The concept of "real proof" is more mathematical than scientific. One can speak of "scientific proof" as a high degree of confidence, arising from a mass of supporting evidence, that a certain theory or law is correct and is unlikely to be overthrown (e.g., the laws of thermodynamics, the kinetic molecular theory of matter.) But neither mathematicians nor scientists accept anything as established without proof.

Comment Re:So Proud of Gun Ownership (Score 5, Insightful) 1232

He has a good point since GP committed the initial fallacy of saying that an inanimate object is a risk to others.

Chemical and nuclear weapons are inanimate objects too. So are poorly-designed bridges and childrens' toys.

Inanimate objects can be a risk to others. The risk may depend on context but that is not a fallacy.

Comment USB Turkey Oven? (Score 1) 447

Hey, if someone can get 2.5 watts to power a fondue, then why not cook a turkey? Build a turkey-sized low-voltage electric oven, insulate it with space-shuttle tiles, and fire it up.

Yeah yeah, I know, pre-heating and cooking could take awhile, but when it comes to the special moment when you bring out a USB-cooked turkey to your geek loved-ones, is that too great a price to pay? I think not, my friends, I think not.

ThinkGeek, hear my prayer...

Comment Re:India (Score 5, Insightful) 409

Oh man, where to begin with a post like this...

First of all, it has been my experience that, as ESL speakers, Indians are among the most fluent in the world. It seems to me that they take great care to learn and use English well, unlike the stumbling parody you provided. No doubt a consequence of British colonialism, but perhaps a happy one.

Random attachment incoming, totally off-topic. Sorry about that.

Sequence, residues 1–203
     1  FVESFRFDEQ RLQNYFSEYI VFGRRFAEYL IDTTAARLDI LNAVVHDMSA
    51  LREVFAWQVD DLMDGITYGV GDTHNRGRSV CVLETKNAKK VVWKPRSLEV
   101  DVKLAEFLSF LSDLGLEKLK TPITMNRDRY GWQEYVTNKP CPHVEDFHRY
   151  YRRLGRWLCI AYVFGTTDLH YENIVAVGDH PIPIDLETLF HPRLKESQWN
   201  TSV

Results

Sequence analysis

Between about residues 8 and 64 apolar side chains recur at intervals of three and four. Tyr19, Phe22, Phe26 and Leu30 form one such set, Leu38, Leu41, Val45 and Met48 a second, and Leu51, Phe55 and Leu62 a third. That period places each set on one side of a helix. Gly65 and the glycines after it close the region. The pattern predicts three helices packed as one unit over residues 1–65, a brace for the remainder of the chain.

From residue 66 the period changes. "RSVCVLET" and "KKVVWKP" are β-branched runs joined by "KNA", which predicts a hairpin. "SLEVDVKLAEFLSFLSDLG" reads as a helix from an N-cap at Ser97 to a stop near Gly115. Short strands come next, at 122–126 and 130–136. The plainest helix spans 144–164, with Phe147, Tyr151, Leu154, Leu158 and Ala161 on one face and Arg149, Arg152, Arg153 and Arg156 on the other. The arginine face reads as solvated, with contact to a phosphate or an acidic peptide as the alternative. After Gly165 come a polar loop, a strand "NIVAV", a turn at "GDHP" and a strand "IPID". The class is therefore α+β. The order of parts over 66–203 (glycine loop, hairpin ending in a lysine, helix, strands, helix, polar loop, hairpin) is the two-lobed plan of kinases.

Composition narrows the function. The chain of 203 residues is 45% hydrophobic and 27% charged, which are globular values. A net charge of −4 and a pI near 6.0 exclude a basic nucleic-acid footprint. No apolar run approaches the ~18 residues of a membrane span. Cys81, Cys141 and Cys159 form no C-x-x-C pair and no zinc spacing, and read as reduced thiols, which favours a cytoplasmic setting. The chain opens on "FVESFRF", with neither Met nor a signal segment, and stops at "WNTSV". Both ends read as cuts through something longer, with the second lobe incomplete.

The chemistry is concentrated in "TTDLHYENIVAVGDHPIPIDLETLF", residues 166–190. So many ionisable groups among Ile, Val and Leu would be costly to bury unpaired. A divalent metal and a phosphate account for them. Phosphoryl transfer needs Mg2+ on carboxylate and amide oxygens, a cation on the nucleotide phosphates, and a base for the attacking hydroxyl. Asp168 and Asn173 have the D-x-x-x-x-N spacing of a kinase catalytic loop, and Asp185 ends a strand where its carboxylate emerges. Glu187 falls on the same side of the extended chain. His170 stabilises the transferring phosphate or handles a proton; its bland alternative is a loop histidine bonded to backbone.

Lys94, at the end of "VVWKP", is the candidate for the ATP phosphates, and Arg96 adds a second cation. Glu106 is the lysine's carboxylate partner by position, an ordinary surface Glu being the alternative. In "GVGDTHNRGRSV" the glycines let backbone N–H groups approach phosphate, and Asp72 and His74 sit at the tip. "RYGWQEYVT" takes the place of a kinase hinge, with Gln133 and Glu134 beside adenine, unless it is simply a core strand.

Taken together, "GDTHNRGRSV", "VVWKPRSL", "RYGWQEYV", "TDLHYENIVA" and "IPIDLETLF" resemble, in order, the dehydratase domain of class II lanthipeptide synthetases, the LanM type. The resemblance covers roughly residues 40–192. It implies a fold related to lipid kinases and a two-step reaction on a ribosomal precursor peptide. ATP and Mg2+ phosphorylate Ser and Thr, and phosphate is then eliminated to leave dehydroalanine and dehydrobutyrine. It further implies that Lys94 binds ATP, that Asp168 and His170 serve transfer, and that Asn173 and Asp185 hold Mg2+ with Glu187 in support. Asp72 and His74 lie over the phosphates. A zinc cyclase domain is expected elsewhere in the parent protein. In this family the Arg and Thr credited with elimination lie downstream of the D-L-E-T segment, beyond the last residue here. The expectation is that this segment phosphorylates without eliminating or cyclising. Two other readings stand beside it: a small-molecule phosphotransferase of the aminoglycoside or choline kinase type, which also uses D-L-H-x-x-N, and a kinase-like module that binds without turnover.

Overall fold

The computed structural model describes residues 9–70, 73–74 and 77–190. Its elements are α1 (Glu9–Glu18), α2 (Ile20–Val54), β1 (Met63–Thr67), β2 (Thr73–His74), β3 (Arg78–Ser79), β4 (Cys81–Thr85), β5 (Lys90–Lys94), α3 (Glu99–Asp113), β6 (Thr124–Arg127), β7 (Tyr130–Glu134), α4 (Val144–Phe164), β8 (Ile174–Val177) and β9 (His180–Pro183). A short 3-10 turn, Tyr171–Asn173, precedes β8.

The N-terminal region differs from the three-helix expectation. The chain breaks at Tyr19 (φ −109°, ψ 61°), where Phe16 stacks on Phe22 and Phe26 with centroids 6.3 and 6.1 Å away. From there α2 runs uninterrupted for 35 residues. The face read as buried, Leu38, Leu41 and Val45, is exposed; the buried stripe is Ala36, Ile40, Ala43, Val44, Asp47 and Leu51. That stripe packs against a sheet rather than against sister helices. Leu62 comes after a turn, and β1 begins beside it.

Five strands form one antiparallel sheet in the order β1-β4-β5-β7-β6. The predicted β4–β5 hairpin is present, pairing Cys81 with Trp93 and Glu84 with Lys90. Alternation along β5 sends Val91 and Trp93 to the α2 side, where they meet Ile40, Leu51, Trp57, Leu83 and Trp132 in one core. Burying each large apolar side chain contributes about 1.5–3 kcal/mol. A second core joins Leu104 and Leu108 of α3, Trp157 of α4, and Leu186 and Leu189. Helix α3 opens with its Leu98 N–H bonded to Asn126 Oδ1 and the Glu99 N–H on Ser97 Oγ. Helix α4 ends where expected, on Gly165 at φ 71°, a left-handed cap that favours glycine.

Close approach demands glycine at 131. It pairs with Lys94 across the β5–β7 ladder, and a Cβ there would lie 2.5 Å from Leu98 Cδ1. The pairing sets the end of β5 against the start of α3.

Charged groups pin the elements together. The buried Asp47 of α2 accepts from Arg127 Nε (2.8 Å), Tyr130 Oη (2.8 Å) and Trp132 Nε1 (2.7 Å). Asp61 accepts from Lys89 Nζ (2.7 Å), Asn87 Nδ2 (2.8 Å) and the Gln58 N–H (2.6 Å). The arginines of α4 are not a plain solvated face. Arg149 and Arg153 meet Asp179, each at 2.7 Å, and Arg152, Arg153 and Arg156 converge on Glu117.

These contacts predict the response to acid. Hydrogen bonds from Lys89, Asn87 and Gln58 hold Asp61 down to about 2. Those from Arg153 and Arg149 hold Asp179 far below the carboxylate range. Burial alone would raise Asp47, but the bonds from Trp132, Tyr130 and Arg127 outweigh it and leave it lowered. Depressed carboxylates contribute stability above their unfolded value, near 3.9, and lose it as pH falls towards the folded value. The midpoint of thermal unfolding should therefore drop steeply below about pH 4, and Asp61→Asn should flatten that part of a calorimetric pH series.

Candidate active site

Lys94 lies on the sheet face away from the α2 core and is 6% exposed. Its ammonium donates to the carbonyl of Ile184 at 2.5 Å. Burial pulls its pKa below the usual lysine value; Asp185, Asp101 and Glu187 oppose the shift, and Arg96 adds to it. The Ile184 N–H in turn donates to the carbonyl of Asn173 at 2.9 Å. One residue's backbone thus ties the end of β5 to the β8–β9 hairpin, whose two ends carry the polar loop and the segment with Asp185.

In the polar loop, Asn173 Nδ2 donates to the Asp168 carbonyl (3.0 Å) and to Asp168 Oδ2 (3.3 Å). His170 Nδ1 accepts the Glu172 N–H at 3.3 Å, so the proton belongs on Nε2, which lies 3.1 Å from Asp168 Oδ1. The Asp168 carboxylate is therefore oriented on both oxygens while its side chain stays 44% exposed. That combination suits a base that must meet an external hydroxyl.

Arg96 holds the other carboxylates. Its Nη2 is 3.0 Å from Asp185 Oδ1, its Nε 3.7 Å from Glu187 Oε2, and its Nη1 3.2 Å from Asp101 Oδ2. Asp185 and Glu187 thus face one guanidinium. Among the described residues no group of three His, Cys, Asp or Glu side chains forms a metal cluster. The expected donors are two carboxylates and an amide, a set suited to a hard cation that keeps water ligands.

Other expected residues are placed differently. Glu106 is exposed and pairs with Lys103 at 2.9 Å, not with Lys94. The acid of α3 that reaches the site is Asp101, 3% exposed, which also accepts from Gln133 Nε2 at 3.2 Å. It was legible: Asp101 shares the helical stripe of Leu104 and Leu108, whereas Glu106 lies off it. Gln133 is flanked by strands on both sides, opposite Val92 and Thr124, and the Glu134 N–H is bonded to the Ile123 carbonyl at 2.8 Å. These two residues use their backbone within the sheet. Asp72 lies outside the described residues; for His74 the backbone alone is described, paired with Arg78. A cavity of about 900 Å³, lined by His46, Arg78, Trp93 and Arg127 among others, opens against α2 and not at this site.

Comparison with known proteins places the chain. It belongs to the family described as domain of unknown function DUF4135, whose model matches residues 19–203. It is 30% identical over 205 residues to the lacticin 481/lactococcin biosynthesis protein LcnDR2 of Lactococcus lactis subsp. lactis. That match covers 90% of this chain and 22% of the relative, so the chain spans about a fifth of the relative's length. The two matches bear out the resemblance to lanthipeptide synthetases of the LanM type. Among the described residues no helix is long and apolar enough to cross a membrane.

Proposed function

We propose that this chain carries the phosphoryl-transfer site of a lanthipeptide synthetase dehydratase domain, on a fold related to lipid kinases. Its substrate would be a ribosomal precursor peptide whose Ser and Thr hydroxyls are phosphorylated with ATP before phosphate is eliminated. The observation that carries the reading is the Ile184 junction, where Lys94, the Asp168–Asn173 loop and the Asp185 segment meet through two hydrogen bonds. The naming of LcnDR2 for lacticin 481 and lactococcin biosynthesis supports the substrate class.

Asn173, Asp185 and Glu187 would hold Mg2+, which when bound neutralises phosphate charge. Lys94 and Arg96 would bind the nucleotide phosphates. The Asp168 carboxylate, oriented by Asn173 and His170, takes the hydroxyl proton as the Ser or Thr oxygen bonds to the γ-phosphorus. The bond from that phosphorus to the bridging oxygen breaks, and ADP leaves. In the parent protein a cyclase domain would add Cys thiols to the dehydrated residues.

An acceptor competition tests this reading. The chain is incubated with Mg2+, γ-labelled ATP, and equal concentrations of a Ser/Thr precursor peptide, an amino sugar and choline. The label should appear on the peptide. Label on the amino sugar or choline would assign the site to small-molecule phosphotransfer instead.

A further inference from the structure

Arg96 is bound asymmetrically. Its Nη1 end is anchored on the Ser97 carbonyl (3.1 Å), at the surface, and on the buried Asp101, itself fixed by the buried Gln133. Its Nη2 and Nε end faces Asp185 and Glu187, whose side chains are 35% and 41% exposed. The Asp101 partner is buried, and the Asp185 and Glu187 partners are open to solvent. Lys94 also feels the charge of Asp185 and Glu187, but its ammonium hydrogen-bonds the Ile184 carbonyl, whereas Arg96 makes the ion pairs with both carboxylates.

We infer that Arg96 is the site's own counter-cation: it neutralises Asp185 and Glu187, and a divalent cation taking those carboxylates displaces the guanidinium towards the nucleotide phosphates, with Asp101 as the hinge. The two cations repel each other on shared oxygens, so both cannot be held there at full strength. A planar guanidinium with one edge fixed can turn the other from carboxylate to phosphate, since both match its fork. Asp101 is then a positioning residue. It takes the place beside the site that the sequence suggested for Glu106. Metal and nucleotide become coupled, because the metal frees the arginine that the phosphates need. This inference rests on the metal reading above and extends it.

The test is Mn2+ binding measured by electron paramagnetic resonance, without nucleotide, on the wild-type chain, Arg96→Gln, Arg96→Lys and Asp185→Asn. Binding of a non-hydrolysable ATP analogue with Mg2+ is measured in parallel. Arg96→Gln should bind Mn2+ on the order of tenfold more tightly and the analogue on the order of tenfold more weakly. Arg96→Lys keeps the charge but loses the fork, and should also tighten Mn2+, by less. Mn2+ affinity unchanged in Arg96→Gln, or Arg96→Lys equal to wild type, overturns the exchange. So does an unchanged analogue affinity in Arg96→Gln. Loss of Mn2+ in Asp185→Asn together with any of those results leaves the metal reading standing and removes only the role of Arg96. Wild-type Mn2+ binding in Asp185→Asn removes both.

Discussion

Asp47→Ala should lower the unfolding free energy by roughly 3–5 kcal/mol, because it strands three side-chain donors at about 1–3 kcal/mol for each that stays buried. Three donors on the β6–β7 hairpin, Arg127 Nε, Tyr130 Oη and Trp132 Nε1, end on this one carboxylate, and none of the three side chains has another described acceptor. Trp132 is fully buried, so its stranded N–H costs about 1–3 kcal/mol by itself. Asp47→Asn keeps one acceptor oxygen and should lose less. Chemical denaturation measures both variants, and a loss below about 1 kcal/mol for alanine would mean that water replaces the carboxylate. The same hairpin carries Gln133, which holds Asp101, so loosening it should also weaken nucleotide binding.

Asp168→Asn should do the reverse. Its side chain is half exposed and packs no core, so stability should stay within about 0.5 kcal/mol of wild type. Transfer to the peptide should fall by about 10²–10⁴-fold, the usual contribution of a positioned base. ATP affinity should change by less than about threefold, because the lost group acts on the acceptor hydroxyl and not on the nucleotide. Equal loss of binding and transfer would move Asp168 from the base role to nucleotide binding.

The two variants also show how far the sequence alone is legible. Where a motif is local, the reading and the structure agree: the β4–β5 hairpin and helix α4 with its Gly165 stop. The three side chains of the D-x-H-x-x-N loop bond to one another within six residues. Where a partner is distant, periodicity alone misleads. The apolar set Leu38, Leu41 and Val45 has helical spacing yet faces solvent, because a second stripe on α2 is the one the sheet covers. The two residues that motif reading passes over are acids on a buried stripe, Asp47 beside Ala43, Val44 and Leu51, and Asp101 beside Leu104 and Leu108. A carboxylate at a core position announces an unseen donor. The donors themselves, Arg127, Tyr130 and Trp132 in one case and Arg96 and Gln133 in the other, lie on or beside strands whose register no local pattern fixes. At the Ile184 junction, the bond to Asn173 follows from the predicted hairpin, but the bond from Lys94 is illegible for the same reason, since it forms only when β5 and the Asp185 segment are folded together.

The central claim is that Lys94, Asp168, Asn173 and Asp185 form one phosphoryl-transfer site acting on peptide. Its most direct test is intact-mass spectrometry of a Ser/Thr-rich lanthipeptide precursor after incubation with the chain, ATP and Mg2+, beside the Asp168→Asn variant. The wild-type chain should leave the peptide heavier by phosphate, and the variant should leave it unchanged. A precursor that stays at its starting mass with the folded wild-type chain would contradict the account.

Second, it is my opinion that the English language is very much enriched by hearing it spoken in so many fascinating accents. Let's face it: every one of us has an accent that sounds "funny" to more than one other culture in the world. We can giggle now and then about how weird we sound to each other, but let's keep it at a good-natured level.

Third, learning a second language is difficult. Those who speak something other than English as a second language are all-too-well aware of the challenge. Just imagine how you would sound trying to order a meal in a foreign land. Probably much worse than the example you gave. And yet you just might find that the server is pleased at your effort.

Comment Re:This was explained in 1911 (Score 1) 183

in the Theory of Harmony by (guess who)... Arnold Schoenberg, before he started experimenting with atonal composition.

I don't think it was a particularly new idea, even then.

I would be surprised if Helmholtz didn't mention it in his 1863 book On The Sensations of Tone as a Physiological Basis for the Theory of Music. I don't have my copy handy right now, so I can't check for sure.

Comment Re:Why mention Schoenberg? (Score 2) 183

And then on the flip side of dissonance, you have Charles Ives, whose music often has a tonal center. In fact, quite often, it has three or four.

And sometimes none. For example, see (well, hear) several of his piano studies.

I don't think you could describe Ives' music as the "flip side" of dissonance. A good deal of his music could in fact be considered dissonant, but just in a different way than the music of Schoenberg. (BTW, I greatly admire the music of both men.)

Obligatory Ives quote:

Beauty in music is too often confused with something that lets the ears lie back in an easy chair.
- Charles Ives